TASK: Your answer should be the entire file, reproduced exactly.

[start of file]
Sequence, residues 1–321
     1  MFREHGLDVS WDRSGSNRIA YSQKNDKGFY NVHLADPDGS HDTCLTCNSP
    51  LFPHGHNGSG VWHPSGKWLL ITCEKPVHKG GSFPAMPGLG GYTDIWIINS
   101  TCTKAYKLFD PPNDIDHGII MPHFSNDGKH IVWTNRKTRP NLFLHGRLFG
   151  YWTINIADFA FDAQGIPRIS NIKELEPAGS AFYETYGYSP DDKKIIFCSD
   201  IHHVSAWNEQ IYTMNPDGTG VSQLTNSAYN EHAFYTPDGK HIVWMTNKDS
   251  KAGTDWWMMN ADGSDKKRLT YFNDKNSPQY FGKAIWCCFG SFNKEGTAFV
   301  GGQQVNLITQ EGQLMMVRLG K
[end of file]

Sequence, residues 1–321
     1  MFREHGLDVS WDRSGSNRIA YSQKNDKGFY NVHLADPDGS HDTCLTCNSP
    51  LFPHGHNGSG VWHPSGKWLL ITCEKPVHKG GSFPAMPGLG GYTDIWIINS
   101  TCTKAYKLFD PPNDIDHGII MPHFSNDGKH IVWTNRKTRP NLFLHGRLFG
   151  YWTINIADFA FDAQGIPRIS NIKELEPAGS AFYETYGYSP DDKKIIFCSD
   201  IHHVSAWNEQ IYTMNPDGTG VSQLTNSAYN EHAFYTPDGK HIVWMTNKDS
   251  KAGTDWWMMN ADGSDKKRLT YFNDKNSPQY FGKAIWCCFG SFNKEGTAFV
   301  GGQQVNLITQ EGQLMMVRLG K